More than one new resident of Sonoma has been surprised at the high level of community support for local causes. They are in awe of the scope and quality of our events, such as the Red and White Ball, the Harvest Wine Auction, Sonoma Valley Muse, the Sweetheart Auction, et al, and they are surprised that a community as small as Sonoma can do so much for so many different worthy nonprofits.
It is a tradition rooted here more deeply than our oldest surviving grapevines.
One of those roots reaches back to the founding of the Sonoma Valley Woman’s Club in 1901. Among the founders were my great-grandmother, Kate Granice, and my grand-aunt, Celeste Murphy. They, along with other members of the club, took on the beautification of the Sonoma Plaza as their first project.
The Plaza, which had been laid out by Gen. Vallejo in the 1830s, was little more than a trampled, dusty cow pasture with dilapidated buildings.
It took nearly 10 years for the women to accomplish their task, and aided by some fiery editorials from Harry Granice, editor of the Index-Tribune and husband to Kate and father of Celeste, to get the city government to pitch in.
But the event that set the tone for future community engagement happened in 1909, when the woman’s club sponsored a “Sonoma Day,” during which the town turned out in force to work an entire Saturday on the Plaza. Business owners, workers and residents grabbed shovels, rakes and wagons, leveled the land so a lawn could be planted, and paths improved. They picnicked that day in the shade of trees planted in the Plaza previously by the woman’s club.
The same group led the way for restoration of the Sonoma Mission, which was collapsing into ruins from years of neglect, abuse, weather and the 1906 earthquake.
So many projects we see in the Plaza were completed because of community engagement. The Sonoma Chapter of the Native Sons of Golden West built the stone and bronze monument that highlights the Plaza’s northeast quadrant.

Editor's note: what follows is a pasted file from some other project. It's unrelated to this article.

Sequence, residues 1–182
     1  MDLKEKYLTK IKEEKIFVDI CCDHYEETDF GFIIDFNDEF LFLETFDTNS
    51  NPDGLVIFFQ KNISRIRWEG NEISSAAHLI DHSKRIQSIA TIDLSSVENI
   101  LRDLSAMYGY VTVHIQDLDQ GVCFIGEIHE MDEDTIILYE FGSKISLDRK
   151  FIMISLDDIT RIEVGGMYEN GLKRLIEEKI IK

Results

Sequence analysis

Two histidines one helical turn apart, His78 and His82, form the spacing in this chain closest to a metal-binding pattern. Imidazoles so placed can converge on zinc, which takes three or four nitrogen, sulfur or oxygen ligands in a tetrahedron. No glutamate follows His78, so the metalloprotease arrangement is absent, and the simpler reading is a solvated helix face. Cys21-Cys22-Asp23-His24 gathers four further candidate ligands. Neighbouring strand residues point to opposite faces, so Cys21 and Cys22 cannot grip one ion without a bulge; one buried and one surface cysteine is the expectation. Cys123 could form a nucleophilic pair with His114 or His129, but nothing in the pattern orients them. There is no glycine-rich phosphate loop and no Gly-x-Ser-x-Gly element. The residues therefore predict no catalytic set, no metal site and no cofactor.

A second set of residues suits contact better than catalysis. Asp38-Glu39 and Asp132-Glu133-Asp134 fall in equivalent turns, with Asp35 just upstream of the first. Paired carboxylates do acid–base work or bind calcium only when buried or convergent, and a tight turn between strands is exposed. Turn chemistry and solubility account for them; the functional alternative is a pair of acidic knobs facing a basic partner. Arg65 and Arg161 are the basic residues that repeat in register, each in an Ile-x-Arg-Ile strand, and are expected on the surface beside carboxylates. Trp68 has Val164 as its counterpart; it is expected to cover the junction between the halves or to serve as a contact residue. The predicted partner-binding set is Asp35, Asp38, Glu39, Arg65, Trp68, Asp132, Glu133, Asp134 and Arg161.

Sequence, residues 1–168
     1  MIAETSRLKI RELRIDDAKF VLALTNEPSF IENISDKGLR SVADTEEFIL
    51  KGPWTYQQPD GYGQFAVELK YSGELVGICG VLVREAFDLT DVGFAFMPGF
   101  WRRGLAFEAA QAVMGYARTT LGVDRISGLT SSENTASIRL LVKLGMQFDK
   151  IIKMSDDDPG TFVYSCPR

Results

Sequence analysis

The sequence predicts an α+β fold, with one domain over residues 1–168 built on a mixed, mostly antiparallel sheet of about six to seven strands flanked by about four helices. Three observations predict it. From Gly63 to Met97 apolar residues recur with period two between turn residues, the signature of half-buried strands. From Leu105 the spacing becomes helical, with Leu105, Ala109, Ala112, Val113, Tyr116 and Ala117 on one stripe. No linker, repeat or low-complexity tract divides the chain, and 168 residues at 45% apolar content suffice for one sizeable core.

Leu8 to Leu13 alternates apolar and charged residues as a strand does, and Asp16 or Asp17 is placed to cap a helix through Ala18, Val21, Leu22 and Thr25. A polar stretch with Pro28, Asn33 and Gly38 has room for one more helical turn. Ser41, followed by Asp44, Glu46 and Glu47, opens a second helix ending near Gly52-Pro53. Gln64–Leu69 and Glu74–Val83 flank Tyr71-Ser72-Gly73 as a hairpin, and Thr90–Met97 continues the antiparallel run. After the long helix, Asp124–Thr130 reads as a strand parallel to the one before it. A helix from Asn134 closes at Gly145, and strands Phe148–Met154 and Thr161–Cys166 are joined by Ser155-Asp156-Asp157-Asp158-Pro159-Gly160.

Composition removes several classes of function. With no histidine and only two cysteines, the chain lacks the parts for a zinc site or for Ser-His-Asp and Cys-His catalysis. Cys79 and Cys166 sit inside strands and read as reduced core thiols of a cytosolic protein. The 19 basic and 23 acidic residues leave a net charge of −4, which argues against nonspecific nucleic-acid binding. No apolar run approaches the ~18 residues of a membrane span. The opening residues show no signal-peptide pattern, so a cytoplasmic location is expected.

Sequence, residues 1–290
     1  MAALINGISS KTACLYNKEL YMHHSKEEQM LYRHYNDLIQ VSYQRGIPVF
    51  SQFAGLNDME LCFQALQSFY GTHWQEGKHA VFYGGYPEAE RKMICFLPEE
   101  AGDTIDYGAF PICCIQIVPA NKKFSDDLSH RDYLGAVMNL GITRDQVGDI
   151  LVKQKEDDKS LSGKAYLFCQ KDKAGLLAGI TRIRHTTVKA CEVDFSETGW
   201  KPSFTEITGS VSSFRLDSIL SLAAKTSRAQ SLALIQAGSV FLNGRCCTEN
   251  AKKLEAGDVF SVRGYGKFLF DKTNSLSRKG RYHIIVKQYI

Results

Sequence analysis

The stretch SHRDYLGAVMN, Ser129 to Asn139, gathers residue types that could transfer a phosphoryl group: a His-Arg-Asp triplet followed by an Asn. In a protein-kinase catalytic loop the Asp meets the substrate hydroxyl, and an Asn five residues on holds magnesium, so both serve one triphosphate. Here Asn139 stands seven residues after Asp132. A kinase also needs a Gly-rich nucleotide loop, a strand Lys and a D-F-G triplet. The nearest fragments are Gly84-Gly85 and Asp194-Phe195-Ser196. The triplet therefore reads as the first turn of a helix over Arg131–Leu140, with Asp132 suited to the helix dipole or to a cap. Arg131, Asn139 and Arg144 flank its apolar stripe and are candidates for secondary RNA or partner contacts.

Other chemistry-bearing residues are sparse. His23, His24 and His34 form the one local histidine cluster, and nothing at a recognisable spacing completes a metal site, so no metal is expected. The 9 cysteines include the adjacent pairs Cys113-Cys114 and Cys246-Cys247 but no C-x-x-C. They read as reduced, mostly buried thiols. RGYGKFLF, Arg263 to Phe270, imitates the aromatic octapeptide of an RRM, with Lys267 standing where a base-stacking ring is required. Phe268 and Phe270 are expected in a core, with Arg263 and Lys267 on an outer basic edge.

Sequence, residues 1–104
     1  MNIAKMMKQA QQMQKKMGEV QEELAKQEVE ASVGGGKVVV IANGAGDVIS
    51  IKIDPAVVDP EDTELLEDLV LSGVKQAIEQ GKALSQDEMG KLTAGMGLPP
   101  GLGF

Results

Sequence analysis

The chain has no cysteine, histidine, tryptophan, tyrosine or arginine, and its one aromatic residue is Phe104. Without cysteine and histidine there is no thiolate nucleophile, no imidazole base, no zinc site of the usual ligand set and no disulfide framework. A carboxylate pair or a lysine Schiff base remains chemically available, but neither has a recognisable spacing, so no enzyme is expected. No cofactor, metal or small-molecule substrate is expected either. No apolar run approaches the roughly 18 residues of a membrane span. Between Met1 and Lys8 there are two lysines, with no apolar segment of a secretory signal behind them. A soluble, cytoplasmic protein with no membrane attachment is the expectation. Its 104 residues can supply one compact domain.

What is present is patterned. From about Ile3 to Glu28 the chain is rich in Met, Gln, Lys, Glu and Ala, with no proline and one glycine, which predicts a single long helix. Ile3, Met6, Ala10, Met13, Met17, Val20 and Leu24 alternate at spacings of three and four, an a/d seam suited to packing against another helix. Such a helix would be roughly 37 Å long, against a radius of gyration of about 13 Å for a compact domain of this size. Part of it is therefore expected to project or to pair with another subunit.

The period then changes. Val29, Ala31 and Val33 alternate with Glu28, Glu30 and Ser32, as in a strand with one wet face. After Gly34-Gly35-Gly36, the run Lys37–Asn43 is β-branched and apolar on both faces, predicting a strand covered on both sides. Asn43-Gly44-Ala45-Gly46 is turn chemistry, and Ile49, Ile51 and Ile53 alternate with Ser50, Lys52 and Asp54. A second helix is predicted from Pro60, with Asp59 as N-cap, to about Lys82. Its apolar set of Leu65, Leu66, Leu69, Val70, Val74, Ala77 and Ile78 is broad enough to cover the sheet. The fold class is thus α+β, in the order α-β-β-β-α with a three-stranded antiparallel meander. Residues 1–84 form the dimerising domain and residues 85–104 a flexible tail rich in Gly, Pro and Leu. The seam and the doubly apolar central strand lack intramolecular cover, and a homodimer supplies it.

The woman’s club also provided leadership in the founding and completion of Sonoma’s library in the Plaza (now headquarters of the visitors bureau).
The old Sonoma Grammar School building, which was condemned for school use in 1949, was saved from demolition in 1952 by a group led by Dr. Carroll B. Andrews. With lots of volunteers, fundraisers and community engagement over six decades that continues to this day, that old school became the Sonoma Community Center.
In 1991, Suzanne Brangham, with the support of the Sonoma Valley Historic Society and Sonoma Valley Vintners and Growers, organized the first Red and White Ball to raise money for Plaza improvements, including new lights. Later, the ball raised money to plant trees all along Broadway, from Four Corners to the Plaza.
Suzanne and the many who worked with her on the first ball, and all those since then, along with numerous other fund-raising events, are part of a tradition of community involvement that began long ago, and over many decades gave us Arnold Field, Hughes and Teeter Field, Paul’s Field, the Field of Dreams, the Sonoma Valley Boys & Girls Club and Vintage House. Even our hospital exists today, and is being improved today, because of active community support.